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Ep. 022 Keyword Podcast: What Is Amazon Tracking with Kelly Johnston from Cascadia

March 20, 2017
Ep. 022 Keyword Podcast- What Is Amazon Tracking with Kelly Johnston from Cascadia

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What information is Amazon tracking about third party sellers? And how can you use that information to evaluate your own performance?


How much do you think amazon knows about you? Probably a lot right? How much does Amazon track about it’s Third Party Sellers? More importantly, what does it do with that information?


We’re talking about not just what Amazon tracks about you but what information you should be tracking too so you stay on Amazon’s good side.


This week’s “Amazon Insider” is Kelly Johnston of Cascadia. She spent the majority of her time at Amazon, nearly ten years, working in Seller Performance.



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Show Notes:

What Is Amazon Tracking with Kelly Johnston from Cascadia

What information is Amazon tracking about third party sellers? And how can you use that information to evaluate your own performance?
 
How much do you think amazon knows about you? Probably a lot right? How much does Amazon track about it’s Third Party Sellers? More importantly, what does it do with that information?
 
We’re talking about not just what Amazon tracks about you but what information you should be tracking too so you stay on Amazon’s good side.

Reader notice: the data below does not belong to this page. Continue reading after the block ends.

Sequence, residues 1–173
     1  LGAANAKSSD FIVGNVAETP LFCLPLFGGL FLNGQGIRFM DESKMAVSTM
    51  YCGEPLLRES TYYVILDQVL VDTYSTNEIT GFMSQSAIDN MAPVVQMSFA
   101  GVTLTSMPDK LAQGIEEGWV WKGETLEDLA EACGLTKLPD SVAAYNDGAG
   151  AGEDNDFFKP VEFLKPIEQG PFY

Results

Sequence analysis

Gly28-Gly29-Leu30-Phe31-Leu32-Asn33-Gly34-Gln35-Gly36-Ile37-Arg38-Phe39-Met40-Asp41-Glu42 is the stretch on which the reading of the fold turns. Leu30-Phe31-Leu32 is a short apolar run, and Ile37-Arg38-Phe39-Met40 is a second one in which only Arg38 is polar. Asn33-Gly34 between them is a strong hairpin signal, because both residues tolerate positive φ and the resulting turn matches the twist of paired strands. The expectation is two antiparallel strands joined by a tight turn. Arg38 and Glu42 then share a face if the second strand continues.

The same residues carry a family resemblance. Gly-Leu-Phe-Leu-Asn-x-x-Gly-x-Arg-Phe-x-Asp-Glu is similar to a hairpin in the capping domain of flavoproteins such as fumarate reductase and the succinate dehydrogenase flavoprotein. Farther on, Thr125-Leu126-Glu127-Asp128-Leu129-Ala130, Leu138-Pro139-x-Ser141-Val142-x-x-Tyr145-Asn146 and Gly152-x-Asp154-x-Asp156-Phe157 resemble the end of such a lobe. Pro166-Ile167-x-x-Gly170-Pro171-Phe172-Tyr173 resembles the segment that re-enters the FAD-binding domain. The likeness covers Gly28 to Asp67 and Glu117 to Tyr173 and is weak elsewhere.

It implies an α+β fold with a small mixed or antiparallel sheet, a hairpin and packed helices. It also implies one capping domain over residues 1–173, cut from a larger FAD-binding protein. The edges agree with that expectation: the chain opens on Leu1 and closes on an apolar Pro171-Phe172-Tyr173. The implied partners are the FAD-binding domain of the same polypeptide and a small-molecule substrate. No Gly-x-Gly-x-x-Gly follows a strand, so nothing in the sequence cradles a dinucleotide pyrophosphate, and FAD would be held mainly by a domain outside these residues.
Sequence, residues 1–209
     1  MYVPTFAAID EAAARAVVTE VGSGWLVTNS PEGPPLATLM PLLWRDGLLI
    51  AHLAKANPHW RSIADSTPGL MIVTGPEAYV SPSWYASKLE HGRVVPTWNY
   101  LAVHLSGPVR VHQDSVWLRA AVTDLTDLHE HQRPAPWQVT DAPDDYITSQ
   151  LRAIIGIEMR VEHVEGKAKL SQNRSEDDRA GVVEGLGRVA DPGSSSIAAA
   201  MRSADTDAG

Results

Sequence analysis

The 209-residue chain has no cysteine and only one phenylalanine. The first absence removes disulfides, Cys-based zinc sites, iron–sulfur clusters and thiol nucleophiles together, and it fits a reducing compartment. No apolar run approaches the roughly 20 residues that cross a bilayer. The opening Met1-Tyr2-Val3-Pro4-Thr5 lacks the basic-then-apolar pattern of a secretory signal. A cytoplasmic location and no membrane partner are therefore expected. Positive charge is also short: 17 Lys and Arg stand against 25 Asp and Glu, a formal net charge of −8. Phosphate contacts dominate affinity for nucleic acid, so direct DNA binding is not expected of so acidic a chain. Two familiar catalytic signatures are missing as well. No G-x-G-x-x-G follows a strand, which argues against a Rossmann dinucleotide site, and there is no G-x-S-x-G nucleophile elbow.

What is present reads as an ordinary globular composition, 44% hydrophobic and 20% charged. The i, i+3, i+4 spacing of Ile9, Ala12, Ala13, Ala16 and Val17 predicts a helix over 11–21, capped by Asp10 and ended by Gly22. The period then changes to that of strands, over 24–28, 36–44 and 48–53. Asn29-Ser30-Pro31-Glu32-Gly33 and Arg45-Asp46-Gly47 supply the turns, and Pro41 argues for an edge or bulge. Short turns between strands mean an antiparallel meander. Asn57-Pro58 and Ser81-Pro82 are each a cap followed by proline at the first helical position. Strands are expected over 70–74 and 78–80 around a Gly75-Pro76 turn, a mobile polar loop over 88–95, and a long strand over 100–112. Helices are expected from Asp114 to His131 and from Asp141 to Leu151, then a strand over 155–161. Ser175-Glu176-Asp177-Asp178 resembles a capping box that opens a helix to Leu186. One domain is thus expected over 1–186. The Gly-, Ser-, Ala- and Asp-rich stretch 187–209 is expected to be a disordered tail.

This week’s “Amazon Insider” is Kelly Johnston. She spent the majority of her time at Amazon, nearly ten years, working in Seller Performance.
 
“I wrote a lot of the warnings that are still used in some form today,” Johnston says.
 
Kelly now works for Cascadia, a company that consults Third Party Sellers. You can find them at www.thinkcascadia.com.
 
Kelly’s basically doing the same thing now that she was doing for Amazon, but in reverse. She helps with account reinstatement, ASIN reinstatement and helps sellers understand the basic general Amazon policies too.
 
“It’s a very complex, deep ecosystem to work in and it’s never more so than today,” says Johnston, “Ten years ago it was getting more complicated, today it’s unrecognizable.”
 
This week’s episode topic actually comes from someone who emailed me, requesting we do an episode on what Amazon is tracking on Third Party Sellers. So we sought out Kelly, since she knows a lot about Seller Investigations and we asked her.
 
“Is there stuff that Amazon tracks about Sellers?” Kate asks.
 
“The question is probably more, what don’t they track,” Kelly says.
 
So the short answer, Amazon is tracking anything and everything it can about Sellers.
 
“Anything you put into their website is trackable and that includes where you’re sign in from and what kinds of products are you listing, what kind of products are you browsing, are you buying frequently?” Kelly says.
 
It makes sense that Amazon would be tracking all this. There’s things that you can track in your own account that can tell you if you’re on Amazon’s good side or if they may start investigating you.
 
There’s a couple things you should follow when it comes both to performance and policy.
 
First off, let’s look at performance.There’s three parts of your performance you should look at:

  • Negative feedback
  • Chargeback
  • And claims.

 
“Those three are strong indicators they used to be separate and then Amazon realized that they could get a really comprehensive measurement of the Seller’s performance by actually doing a ratio of those three things,” Kelly says.
 
Amazon actually holds itself to the same metric, looking at negative feedback, chargebacks and claims and they strive to only have defects in one percent or less of orders.
 
“So that’s the gold standard. That’s the number one thing you have to pay attention to from a performance standpoint because if you’re doing poorly in any one of those three things you’ll know about it,” Kelly says.
 
The second thing you need to be tracking is policies. Depending on what you’re selling there’s a whole list of policies you have to be compliant with.